Because the next time disaster strikes, the flood is contained, the fire doesn't spread as wisely [widely],* and power stays on, not to mention those investments save lives, homes, and create good-paying union jobs. [Applause]

Leader Schumer. Yay!

The President. I hosted——

Leader Schumer. We like union jobs.

The President. I hosted 56 heads of state in Washington. And I pointed out—we're talking about climate change, and I said: "I think of one word when I think of climate change—jobs. Good-paying jobs." Each of these things requires a good-paying job. Not $7 or $12 or $15, but $45, $50 an hour, plus health care. That's what is needed.

And so, folks, it will also—and Wall Street, not too far from here, acknowledges if we spend the money on these things, we're going to grow the economy, increase employment.

Leader Schumer. Yes!

The President. You know, the fire in Oregon sent smokes all—sent smoke all the way to the Atlantic. A storm in the Gulf, as you've now figured out, can reverberate 10 States away. Supply chains and crop production get interrupted, driving up costs, devastating industries all over America. This is everybody's crisis—everybody's crisis.

Now, let me just say again: The fact is that the damage done on the West Coast—which I'll be heading to—they've already burned 5 million acres to the ground. That's bigger than the State of New Jersey, if I'm not mistaken. Five million acres. And you see it by the smoke that ends up coming over the East Coast.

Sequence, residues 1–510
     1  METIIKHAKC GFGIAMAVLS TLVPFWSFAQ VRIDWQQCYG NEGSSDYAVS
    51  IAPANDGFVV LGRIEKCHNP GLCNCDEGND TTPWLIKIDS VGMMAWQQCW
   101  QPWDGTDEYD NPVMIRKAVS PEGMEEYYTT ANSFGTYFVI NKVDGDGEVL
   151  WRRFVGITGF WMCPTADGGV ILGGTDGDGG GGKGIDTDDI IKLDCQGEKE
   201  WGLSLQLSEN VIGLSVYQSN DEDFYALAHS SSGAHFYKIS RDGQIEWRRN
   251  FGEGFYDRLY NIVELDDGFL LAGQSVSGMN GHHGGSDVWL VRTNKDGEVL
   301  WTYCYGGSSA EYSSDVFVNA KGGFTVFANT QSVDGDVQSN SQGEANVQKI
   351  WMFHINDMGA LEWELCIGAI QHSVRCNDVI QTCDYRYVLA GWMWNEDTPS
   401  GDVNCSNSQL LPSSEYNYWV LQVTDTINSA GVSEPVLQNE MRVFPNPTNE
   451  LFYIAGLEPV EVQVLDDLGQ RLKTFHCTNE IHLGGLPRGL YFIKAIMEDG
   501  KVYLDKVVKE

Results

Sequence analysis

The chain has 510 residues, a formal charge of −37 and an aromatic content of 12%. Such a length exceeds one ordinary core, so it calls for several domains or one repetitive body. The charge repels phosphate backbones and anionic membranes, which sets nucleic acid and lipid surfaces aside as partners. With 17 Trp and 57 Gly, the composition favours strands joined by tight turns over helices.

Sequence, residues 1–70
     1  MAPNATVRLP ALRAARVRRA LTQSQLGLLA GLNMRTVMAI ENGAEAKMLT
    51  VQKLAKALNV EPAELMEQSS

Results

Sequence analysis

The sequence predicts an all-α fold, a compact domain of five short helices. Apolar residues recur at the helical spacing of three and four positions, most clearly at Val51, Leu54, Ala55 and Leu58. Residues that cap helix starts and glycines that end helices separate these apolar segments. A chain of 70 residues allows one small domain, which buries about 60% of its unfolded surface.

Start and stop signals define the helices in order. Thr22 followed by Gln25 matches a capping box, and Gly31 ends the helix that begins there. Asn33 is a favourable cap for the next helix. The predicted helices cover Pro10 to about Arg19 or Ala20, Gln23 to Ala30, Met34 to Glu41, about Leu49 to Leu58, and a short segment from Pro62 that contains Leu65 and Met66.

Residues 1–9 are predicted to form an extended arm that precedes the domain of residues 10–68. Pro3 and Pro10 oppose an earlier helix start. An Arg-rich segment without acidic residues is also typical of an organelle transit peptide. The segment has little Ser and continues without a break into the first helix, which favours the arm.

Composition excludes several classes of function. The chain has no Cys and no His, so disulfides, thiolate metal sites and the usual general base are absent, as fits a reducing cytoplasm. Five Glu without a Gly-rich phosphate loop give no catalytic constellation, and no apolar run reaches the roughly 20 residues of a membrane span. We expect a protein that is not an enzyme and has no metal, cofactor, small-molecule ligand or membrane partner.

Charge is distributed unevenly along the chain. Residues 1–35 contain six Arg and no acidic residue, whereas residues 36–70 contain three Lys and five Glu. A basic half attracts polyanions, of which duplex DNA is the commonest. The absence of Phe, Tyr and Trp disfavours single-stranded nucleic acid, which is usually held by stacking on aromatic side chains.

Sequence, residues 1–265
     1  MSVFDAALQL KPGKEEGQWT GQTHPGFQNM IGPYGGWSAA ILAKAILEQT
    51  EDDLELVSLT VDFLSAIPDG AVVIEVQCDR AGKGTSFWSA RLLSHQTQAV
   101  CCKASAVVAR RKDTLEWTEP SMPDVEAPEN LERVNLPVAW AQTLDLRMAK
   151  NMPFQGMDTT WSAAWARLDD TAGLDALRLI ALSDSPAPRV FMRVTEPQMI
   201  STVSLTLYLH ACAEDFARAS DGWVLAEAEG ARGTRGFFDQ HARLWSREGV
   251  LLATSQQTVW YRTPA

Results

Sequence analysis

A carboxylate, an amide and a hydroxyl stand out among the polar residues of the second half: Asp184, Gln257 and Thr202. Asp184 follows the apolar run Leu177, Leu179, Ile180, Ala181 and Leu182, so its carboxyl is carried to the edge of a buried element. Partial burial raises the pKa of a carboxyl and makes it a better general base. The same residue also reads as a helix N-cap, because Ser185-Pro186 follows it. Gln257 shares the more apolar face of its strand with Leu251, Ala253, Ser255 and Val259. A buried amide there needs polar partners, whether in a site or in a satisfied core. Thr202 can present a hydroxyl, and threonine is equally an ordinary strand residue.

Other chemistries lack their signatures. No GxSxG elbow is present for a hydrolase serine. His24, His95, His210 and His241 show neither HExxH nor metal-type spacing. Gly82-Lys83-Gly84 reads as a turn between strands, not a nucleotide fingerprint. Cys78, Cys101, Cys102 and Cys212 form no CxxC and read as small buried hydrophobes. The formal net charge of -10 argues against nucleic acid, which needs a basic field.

Folks, we're all in this. It's about time we stopped the regional fights and understand helping somebody make sure there's no—fewer fires in the West warrants helping people in this alley make sure they're not flooded.

And by the way, it's not just the flooding—and I'll end with this. It's not just the flooding. Flooding ends up overrunning sanitation systems, and it causes disease, and people get sick. And it's serious, serious business.

So we've got a lot of work to do. Again, it's good-paying jobs; we can put the economy back on the path to real growth. But in the meantime, we're going to save a whole hell of a lot of people's lives, and we're going to save a whole hell of a lot of money.

God bless you all. Let's get this done.

Leader Schumer. Mr. President, look at that nice kid with the American flag. Say hello.

The President. How are you, pal?

Leader Schumer. What's your name? He can't hear us.

The President. How old are you?

Child. Seven.

The President. Oh, you're getting old!

And by the way, the neat thing about America: Every time we end up with a problem going into a serious circumstance, we come out better than we went in. That's because we're so diverse. That's America. Be proud of it. Thank you. And don't jump. [Laughter] All right. Thanks, thanks.

NOTE: The President spoke at 4:40 p.m. in the East Elmhurst neighborhood of the Queens borough. In his remarks, he referred to Special Presidential Envoy on Climate John F. Kerry; and Gov. Philip D. Murphy of New Jersey. He also referred to H.R. 3684.

* White House correction.

Joseph R. Biden, Remarks on the Hurricane Ida Response Efforts During a Tour of Damaged Areas in New York City Online by Gerhard Peters and John T. Woolley, The American Presidency Project

Filed Under



New York

Simple Search of Our Archives